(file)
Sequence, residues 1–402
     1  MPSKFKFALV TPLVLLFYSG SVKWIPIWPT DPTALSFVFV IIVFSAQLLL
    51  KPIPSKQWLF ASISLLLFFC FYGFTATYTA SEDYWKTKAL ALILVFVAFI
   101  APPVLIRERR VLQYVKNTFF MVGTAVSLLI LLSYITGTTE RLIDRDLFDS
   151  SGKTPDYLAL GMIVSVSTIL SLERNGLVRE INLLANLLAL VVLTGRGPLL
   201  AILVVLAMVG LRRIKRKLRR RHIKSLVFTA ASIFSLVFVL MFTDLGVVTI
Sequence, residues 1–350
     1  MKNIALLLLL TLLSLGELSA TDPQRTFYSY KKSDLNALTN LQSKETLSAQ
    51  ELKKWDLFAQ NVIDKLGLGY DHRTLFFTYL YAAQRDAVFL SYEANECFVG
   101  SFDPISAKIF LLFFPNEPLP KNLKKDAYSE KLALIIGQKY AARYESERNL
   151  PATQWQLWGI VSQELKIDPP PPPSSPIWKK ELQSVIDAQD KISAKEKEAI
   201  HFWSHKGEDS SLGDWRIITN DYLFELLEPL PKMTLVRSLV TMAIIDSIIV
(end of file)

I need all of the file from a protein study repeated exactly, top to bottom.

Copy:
Sequence, residues 1–402
     1  MPSKFKFALV TPLVLLFYSG SVKWIPIWPT DPTALSFVFV IIVFSAQLLL
    51  KPIPSKQWLF ASISLLLFFC FYGFTATYTA SEDYWKTKAL ALILVFVAFI
   101  APPVLIRERR VLQYVKNTFF MVGTAVSLLI LLSYITGTTE RLIDRDLFDS
   151  SGKTPDYLAL GMIVSVSTIL SLERNGLVRE INLLANLLAL VVLTGRGPLL
   201  AILVVLAMVG LRRIKRKLRR RHIKSLVFTA ASIFSLVFVL MFTDLGVVTI
Sequence, residues 1–350
     1  MKNIALLLLL TLLSLGELSA TDPQRTFYSY KKSDLNALTN LQSKETLSAQ
    51  ELKKWDLFAQ NVIDKLGLGY DHRTLFFTYL YAAQRDAVFL SYEANECFVG
   101  SFDPISAKIF LLFFPNEPLP KNLKKDAYSE KLALIIGQKY AARYESERNL
   151  PATQWQLWGI VSQELKIDPP PPPSSPIWKK ELQSVIDAQD KISAKEKEAI
   201  HFWSHKGEDS SLGDWRIITN DYLFELLEPL PKMTLVRSLV TMAIIDSIIV